The film version physically differs from the book description. In the film, they had tentacles that would draw their victims closer to them. They would sting victims from a projectile vs. a coiled tendril. The Triffids also dissolve in sea water. This was only in the film version. I have not seen the film version but at least in the more true sense of the story, it would have been interesting if the Triffids were from space because it might have been a reason why the comet showed up blinding most of the civilization giving the Triffids free-range. Perhaps the Triffids made it happen. The problem with that theory is that although the Triffid has some intelligence, it isn’t great intelligence. The Triffid, like any other weed, wants to survive. Its instinct is to survive. It doesn’t kill because it is homicidal, it wants to live and feed.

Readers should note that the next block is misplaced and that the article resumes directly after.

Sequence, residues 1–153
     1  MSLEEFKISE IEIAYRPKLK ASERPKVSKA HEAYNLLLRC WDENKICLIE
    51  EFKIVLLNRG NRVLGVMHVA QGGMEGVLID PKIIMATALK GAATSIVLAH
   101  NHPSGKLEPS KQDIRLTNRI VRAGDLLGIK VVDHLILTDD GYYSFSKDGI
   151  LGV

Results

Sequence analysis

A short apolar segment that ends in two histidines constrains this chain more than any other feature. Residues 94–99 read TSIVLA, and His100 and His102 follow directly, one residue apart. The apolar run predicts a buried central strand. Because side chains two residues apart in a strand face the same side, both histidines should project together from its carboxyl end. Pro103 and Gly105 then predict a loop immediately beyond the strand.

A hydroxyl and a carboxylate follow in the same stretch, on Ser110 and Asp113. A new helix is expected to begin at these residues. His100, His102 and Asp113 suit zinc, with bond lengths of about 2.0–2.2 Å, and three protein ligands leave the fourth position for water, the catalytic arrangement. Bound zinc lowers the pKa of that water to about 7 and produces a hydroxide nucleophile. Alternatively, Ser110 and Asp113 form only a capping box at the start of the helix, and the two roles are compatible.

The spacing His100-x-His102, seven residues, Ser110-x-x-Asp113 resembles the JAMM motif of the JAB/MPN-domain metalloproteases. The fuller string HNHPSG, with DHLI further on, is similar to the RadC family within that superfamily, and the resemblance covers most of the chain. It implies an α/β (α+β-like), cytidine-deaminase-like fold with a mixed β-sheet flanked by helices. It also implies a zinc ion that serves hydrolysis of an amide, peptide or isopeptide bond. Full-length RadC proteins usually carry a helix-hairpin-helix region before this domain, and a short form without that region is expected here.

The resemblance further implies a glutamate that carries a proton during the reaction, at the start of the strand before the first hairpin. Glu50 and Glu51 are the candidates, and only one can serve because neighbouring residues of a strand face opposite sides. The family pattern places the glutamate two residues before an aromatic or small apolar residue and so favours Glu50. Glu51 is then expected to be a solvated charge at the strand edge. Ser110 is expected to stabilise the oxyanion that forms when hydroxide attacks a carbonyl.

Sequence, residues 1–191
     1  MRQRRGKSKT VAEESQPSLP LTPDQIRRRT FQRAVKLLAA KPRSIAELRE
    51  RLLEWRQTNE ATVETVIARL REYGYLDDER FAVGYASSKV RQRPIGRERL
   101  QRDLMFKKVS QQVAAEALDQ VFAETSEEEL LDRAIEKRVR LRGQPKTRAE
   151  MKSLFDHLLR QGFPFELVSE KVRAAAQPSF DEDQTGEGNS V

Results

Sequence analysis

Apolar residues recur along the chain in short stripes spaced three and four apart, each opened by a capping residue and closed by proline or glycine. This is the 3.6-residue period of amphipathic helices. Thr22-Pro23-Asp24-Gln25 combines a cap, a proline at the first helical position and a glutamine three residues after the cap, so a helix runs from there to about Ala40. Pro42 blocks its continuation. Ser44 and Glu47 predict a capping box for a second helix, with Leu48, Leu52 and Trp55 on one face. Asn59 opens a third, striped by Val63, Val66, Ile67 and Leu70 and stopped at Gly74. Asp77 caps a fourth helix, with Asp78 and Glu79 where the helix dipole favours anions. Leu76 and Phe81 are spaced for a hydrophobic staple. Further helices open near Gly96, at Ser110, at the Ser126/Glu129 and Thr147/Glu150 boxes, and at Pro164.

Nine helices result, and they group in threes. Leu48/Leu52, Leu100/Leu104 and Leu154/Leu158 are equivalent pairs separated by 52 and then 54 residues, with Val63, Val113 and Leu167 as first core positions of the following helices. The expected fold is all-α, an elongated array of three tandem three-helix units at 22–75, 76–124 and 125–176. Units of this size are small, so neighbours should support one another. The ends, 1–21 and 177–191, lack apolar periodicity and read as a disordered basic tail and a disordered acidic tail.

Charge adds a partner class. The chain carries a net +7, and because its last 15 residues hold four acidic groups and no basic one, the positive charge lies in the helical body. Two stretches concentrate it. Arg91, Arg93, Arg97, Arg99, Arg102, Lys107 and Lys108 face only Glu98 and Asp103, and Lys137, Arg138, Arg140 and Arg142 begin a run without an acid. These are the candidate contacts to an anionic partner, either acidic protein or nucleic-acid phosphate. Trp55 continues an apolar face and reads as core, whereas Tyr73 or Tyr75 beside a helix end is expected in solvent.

The 1981 BBC version (from the story we are currently watching) is much closer to the original idea Wyndham had for his story. It looks almost like a flower. It is my favourite version of the Triffid. They were designed by Steve Drewett. From the Wikipedia entry for Triffids: “The Triffids were operated by a man crouched inside, cooled by a fan installed in its neck; the 'clackers' were radio controlled. The gnarled bole, based on the ginseng root, was made of latex with a covering of sawdust and string while the neck was fibreglass and continued down to the floor, where it joined with the operator's seat. The plants were surmounted by a flexible rubber head, coated with clear gunge.” It is also intimated that Director Ken Hannam may not have been a big fan of the design because he did a lot of close up shots of the various parts of the Triffids more often than full on shots. Often the shots were close ups of the “head” of the plant or the bottom rattling stumps. Also, so far I can think of very few shots where the Triffid appears in studio. Most of the time we see them on the exteriors shot on film. I think the fact that they are scenes few and far between makes them creepier.